The Congress could have been a masterpiece but instead is a good movie that is less than the sum of its impressive parts.

3 stars

Thursday, 21 August 2014

The Rover - review

David Michod's follow up to the excellent Animal Kingdom is set in the barren, dusty and dangerous Australian outback, ten years after "The Collapse".

It is not specified what the collapse was and what caused it but I would hazard a guess that it timed up with the moment The Inbetweeners set foot on Australian soil.

The Rover has a plot as simple as Robert Pattinson's character.

A group of hoodlums steal loner Guy Pearce's car and he does everything he can to get it back, including capturing R-Patz's character Rey who is brother to one of them and forces him to take them to their hideout.

Substituting car chases and action scenes for long, drawn out scenes of sparse dialogue, empty landscapes and moments of brutal violence, The Rover plays out like an art house Mad Max.

Pearce is excellent as the mysterious loner who slowly reveals his past but keeps us guessing to the Macguffin of why he needs his car back so badly.

Pattinson really does impress with another role following the likes of Cosmopolis that will put the death nail in the coffin of Twilight fans seeking out his post-franchise choices. If I was not aware of him as an actor, I genuinely would have believed him to be an actor on the spectrum or mentally disadvantaged.

The film, like the characters, slowly move towards a bloody showdown that is bound to split opinions.

Will I rewatch Michod's Rover? No never, no more.

3 stars

Hector And The Search For Happiness - review

Following an initial delay to Hector's journey due to the longest series of production company title credits I've ever seen in a movie (It honestly felt like five minutes passed as the film circumvented the globe getting money from every destination that Hector visits), finally begins a journey of self-discovery as every bit uncomfortable and insufferable as a round-the-world flight stuck in economy between a screaming baby and someone of poor personal hygiene it could have been called The Secret Life Of Walter Shitty.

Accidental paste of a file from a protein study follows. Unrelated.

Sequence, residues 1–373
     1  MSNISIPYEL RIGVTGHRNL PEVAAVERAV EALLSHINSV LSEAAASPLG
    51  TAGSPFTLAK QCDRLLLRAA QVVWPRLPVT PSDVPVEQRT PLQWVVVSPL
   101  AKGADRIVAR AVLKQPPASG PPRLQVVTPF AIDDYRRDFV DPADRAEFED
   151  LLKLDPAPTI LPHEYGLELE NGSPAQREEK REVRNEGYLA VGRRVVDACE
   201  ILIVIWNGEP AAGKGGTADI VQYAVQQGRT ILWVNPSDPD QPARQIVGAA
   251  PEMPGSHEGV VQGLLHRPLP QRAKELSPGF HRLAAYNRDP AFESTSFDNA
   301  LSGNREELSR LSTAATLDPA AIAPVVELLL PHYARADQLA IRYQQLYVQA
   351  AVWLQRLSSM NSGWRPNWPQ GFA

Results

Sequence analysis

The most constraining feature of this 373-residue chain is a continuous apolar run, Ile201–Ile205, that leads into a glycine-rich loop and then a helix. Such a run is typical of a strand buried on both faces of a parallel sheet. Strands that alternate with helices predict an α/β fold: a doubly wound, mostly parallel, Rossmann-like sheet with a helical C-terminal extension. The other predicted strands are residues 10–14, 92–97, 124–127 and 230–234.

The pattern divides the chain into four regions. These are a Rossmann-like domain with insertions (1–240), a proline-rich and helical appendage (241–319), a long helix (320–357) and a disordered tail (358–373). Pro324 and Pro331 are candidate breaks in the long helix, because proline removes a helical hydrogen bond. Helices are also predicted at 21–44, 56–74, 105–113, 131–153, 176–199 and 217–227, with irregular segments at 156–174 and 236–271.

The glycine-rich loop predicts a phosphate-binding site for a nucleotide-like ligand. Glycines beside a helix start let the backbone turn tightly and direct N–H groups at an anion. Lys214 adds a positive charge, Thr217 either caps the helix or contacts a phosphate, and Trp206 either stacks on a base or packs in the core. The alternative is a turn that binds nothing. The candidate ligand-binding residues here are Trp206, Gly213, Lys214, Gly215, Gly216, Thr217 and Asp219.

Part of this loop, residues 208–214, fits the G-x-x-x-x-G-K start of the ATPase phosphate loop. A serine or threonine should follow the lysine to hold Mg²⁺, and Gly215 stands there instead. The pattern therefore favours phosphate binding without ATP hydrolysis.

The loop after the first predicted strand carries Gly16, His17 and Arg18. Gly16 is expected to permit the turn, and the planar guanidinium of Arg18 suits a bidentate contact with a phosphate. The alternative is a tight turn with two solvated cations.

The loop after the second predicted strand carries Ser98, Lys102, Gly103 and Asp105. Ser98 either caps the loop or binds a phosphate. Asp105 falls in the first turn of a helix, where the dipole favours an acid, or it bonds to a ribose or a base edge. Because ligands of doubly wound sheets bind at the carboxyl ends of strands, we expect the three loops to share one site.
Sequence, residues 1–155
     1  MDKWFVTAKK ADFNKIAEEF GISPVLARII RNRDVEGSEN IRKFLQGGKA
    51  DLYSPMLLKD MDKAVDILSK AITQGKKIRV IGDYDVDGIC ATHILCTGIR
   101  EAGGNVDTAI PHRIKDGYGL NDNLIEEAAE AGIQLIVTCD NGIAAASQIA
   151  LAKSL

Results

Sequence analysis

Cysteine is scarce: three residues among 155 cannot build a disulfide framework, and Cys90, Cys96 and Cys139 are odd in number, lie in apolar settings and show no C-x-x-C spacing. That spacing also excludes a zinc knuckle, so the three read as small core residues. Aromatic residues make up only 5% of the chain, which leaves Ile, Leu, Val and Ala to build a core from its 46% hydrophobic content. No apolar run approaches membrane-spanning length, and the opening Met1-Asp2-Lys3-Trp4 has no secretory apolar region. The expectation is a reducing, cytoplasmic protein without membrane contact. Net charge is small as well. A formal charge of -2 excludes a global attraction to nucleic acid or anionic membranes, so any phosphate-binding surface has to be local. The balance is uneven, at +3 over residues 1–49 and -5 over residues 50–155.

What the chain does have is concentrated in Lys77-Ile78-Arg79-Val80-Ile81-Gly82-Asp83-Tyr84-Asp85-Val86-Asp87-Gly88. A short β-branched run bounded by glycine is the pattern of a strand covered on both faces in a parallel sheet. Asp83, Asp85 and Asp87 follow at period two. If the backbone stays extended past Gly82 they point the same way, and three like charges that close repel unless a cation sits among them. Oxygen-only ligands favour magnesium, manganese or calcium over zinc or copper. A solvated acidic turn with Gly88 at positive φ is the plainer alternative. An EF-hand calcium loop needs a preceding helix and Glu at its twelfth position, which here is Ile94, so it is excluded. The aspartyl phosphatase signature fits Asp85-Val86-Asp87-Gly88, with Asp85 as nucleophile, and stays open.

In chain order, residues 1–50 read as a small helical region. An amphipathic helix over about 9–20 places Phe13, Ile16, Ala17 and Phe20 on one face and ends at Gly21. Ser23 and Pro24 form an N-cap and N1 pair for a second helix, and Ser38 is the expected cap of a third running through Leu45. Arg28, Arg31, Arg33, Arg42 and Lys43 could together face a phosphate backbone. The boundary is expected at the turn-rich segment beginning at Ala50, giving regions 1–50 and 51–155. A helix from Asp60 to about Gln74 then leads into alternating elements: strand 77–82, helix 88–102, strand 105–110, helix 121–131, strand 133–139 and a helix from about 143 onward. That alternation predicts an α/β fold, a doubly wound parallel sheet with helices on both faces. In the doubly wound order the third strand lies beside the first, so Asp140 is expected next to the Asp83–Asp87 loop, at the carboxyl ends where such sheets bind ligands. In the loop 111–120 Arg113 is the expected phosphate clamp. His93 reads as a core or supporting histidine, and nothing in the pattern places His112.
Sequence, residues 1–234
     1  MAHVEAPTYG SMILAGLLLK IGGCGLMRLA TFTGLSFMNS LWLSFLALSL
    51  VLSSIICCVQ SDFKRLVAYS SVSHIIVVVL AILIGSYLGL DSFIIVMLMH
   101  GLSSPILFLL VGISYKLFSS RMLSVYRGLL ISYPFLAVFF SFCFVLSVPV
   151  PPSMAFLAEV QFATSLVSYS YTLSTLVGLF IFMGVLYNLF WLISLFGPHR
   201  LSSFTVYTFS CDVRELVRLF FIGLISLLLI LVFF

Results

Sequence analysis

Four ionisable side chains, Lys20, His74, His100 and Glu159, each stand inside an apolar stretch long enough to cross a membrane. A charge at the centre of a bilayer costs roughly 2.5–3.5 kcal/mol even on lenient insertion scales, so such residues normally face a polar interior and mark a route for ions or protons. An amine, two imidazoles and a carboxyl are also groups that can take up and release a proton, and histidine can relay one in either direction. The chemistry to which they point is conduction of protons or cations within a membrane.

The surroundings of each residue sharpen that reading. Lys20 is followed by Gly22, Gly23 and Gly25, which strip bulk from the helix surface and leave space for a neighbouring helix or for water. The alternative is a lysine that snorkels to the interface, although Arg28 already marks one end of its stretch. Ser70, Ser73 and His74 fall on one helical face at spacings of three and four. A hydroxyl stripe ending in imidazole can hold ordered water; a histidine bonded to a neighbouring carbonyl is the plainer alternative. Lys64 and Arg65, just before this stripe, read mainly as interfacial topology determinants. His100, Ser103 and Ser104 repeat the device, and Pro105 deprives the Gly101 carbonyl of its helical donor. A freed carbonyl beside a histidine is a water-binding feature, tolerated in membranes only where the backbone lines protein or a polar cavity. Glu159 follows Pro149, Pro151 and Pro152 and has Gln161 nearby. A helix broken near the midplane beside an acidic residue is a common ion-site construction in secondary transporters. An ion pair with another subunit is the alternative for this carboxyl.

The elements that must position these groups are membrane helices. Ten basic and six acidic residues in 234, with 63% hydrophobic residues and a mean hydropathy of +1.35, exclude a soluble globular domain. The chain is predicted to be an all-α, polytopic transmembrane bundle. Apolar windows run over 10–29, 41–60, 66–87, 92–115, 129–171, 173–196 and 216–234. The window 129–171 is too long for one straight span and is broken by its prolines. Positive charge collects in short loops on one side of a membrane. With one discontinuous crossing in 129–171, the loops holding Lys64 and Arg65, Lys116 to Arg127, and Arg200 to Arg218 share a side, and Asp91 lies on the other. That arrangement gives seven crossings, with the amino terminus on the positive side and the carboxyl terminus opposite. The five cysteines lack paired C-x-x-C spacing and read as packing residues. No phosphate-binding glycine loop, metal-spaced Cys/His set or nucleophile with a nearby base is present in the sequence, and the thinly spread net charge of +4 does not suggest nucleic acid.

I could have saved Hector a lot of time and effort because the answer to his search.

Happiness is a warm gun. A gun that Hector should use to end his "misery" if he can't be happy living in a luxury apartment overlooking the Thames with Rosamund Pike.

*mild spoilers*

It would probably come as no surprise that after travelling halfway around the world, cheating on his girlfriend the first chance he gets, receiving Pseudowaffle and psychobabble from a host of poor racial stereotypes that he discovers that he already had everything he needed to make him happy.

Beyond the Hallmark card messages of hope ("Happiness is the freedom to love more than one woman at the same time"), the biggest obstacle to anyone leaving this film happy is the central character of Hector.

He is a complete arse. Ungrateful of all that he has, which is much more than most people, and his reasons for the trip are awful e.g. He wants to find out how poor people are happy, yeeesh!

Last year, Simon Pegg successfully managed to get audiences on side with his character in The World's End despite him being a selfish, obnoxious oaf but he fails miserably here which leads me to wonder if it is only Edgar Wright who can bring out his true talent as a leading man.

Hector may have found some small modicum but for everyone else, best keep searching because happiness will certainly not be found here.

1 star